After a pair of near misses and one-run defeats in the Bay Bridge Series, the Athletics learned Saturday they won't have ace Brandon McCarthy for the finale.
It is further shoulder trouble for Oakland's opening day starter, who beat the Dodgers last Tuesday going on 11 days' rest after he was scratched from his previous outing June 13 at Colorado.
The A's didn't announce after Saturday's 9-8 loss to the San Francisco Giants who would pitch in McCarthy's place Sunday, but the San Francisco Chronicle reported A.J. Griffin would be called up from Triple-A Sacramento to make his major league debut as the A's look to avoid a sweep.
"It seems like the last two weeks have been as mentally harrowing as I've had to deal with in my career," McCarthy said. "I feel miserable. I'm obsessing over the pain. I feel like I've done everything I could do but there are so few answers right now. The frustration level has gone off the charts."
Twelve other pitchers combined to throw 385 pitches in a game that lasted 4 hours, 15 minutes — among the longest nine-inning games these clubs have played since moving West.
After a wild finish, Brandon Belt's big swings were nearly forgotten in it all.
Belt hit a go-ahead two-run homer in the sixth inning, Buster Posey added a two-run drive in the seventh, and the Giants backed Madison Bumgarner's fourth straight win with just enough offense.
A night after the Giants rallied in the ninth inning to win 5-4 in the opener of the second edition of this Bay Area rivalry, Oakland nearly paid them back after trailing 9-4 to start the ninth.
Josh Reddick hit a two-run homer in the first and an RBI single in the second, then Jonny Gomes added a solo shot to start the third. Oakland's rally fell just short in the ninth despite a 15-hit night.
"I thought we were going to win," manager Bob Melvin said.
After Shane Loux gave up Brandon Inge's two-out single in the ninth, Santiago Casilla entered and allowed Derek Norris' run-scoring single for his first career RBI before walking Brandon Moss to load the bases. Casilla then allowed Brandon Hicks' two-run ground-rule double.
Javier Lopez replaced Casilla and walked Seth Smith to put runners on the corners, then Clay Hensley — the 12th pitcher of the game and San Francisco's fourth of the inning — came in and got Jemile Weeks on a fly to shallow center caught by scurrying second baseman Ryan Theriot to end the long game for his second save in three chances.
Moss tied a major league record by a first baseman with three errors in an inning. He became the seventh player to do it with his sixth-inning fumbles and the first since Jack Clark with St. Louis on May 25, 1987.
The Giants tied the game in the sixth on the first two errors by Moss, who booted Pablo Sandoval's grounder and then had the ball skip over his glove and into the dirt in the visiting bullpen. Then, trying to retrieve it, Moss slipped, and the ball skipped even further away as two runs easily scored.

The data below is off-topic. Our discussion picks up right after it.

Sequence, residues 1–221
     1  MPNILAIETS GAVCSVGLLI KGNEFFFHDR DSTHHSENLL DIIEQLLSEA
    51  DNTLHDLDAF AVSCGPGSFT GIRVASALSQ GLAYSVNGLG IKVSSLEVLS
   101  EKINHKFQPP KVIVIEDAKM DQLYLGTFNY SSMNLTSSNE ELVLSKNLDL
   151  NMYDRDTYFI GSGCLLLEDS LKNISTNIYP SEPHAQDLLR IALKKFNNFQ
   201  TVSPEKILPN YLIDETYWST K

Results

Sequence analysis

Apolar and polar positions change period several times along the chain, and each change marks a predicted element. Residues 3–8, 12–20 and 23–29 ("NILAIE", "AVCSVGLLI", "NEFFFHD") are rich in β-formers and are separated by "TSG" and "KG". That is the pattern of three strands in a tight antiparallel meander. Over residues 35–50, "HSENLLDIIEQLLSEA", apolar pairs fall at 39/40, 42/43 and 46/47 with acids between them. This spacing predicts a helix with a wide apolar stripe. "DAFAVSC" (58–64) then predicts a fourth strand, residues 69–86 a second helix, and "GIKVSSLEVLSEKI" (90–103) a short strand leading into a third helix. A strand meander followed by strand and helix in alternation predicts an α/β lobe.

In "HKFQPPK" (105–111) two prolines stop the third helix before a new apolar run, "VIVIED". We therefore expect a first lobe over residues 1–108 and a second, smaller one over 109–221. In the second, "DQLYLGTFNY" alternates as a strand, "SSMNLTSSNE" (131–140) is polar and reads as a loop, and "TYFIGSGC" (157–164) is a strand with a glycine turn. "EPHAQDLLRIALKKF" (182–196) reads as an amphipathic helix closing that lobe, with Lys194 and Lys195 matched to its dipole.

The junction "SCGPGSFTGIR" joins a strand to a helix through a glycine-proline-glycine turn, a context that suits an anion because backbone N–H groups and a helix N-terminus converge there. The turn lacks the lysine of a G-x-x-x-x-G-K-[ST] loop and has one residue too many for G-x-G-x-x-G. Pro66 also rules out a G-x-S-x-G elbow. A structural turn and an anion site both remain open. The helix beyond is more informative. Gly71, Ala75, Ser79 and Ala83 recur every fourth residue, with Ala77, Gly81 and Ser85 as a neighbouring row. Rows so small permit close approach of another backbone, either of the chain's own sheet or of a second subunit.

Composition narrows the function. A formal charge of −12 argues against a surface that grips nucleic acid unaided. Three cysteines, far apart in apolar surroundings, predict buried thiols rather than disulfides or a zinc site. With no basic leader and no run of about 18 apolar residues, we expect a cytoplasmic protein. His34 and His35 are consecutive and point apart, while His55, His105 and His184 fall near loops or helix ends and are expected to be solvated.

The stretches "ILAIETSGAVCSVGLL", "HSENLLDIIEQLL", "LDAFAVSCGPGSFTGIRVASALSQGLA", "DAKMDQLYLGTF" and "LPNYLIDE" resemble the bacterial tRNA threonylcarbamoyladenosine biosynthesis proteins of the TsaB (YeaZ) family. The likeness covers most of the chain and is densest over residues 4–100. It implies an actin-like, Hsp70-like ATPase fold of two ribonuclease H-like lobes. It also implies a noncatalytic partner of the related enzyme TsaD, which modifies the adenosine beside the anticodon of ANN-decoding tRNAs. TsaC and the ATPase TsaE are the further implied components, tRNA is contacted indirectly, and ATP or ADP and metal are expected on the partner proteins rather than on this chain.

After Belt's homer, Moss made yet another blunder — his third error of the inning — with an assist from reliever Jerry Blevins and couldn't secure the low throw.
"Moss had a tough day over there. Typically we don't make four errors," Melvin said. "I think you have to give him a little bit of a pass. He's new over there and still learning. He's been good to this point."
Bumgarner was shaky early and allowed a season-high 11 hits. The left-hander and likely All-Star (9-4), facing Oakland for the first time in the regular season, hung tough until his hitters delivered. He is unbeaten in five starts since a loss at Miami on May 26.
"To come away with a win when you're on the ropes like that, it's big," Giants manager Bruce Bochy said. "This would have been hard to take."
Belt also hit an RBI single in the second and has a career-best, 11-game hitting streak, with four home runs and 12 RBIs during that span. He's hitting .360 in June.
"It's more a feel for me," Belt said. "It's been a lot of hard work in the cage."
Bumgarner, who has been the most reliable starter in the Giants' rotation, had already given up a season high in hits in the third inning and reached 62 pitches after throwing 20 in the third. He struck out six and walked one in six innings.
Tyson Ross (2-7), called up before the game for his third stint of the season with Oakland, allowed five runs — three earned — on four hits in 5 1-3 innings, struck out three and walked four. The right-hander fielded four groundouts in the first four innings.
Home plate umpire Tony Randazzo had a scare in the fifth when a 1-2 pitch from Ross hit off Gregor Blanco's foot and bounced into Randazzo's left throat area. He was examined by A's trainer Nick Paparesta and stayed in the game.
Randazzo later ejected Oakland's Coco Crisp after the sixth, when the A's leadoff hitter was called out on strikes and could be seen yelling from the dugout.
Norris, promoted Thursday from Triple-A Sacramento, singled with two outs in the fifth for his first major league hit.
Notes: A's LHP Brett Anderson, rehabbing from Tommy John elbow-ligament replacement surgery, threw a 20-pitch bullpen session of just fastballs in his first time off the mound since briefly being shut down last month because of forearm tightness. ... A's broadcaster and former catcher Ray Fosse, made a point to stop into the Giants clubhouse and meet Posey for the first time. They have something in common considering Posey's season-ending collision at the plate with the Marlins' Scott Cousins on May 25, 2011. "I was very vocal that I thought it was an unnecessary hit," Fosse said. ... The game drew a sellout crowd of 36,067, which included 1,000 standing room only tickets.